A mother, an anti-abortion rights advocate, stands with a newborn baby in front of Planned Parenthood at a rally in St. Louis, Missouri, U.S., June 4, 2019. (REUTERS/Lawrence Bryant) Now is the time to build a culture of life and a civilization of love.
Like everyone under the age of 50, I was born after Roe v. Wade. It’s worth reflecting: If our parents knew what we’d experience in life and the mistakes we would make, would they have decided otherwise? Terrorist attacks. A global pandemic. And all our imperfections, which we can probably easily list — I sure can for myself. Would they have said: Let’s spare her and us? But what if they had lived under nearly half a century of legal abortion in a culture that is getting bolder about demanding assurance of security and lack of imperfections?
“Follow the science” has been one of the coronavirus-pandemic mantras. When it comes to abortion, the science is clear and has been for quite a bit now. In some pregnancies, sonograms begin the photo albums for the child. In other pregnancies, what the mother doesn’t get to see, the doctor uses to guide the ending of this early life. Abortion has been so successful in ending lives in America because of euphemisms and pressures. We look away. We don’t let young women see what is happening, what abortion is. Girls are told — sometimes by their mothers — that they are too young. That their lives will be miserable and never amount to anything if they embrace the motherhood that is already a part of who they are. That’s not how Mom puts it, of course, but all her hopes for her daughter are strangled by the fear of this new life disrupting plans. But do we ever want to be in the position where we are destroying life?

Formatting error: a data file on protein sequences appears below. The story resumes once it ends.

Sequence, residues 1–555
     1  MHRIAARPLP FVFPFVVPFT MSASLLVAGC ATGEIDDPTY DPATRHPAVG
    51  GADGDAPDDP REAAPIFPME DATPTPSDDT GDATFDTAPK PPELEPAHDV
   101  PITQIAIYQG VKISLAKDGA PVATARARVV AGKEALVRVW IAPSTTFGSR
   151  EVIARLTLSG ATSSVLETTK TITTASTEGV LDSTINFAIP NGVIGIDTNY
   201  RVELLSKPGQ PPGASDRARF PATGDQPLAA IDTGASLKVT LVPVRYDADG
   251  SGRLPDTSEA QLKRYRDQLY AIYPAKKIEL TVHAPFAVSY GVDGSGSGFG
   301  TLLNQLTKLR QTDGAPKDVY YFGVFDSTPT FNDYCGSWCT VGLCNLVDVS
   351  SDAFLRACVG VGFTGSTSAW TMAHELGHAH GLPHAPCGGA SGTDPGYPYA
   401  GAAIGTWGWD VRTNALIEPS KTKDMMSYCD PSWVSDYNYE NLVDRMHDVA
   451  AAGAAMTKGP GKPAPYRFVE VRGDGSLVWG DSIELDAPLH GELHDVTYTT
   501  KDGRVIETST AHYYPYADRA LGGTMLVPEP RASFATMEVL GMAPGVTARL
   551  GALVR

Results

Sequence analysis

Shouldn’t we be embracing it, as we welcome every new spring with grateful expectation for the beauty to come — in amazement? There’s work to be done, but how can we help but to be
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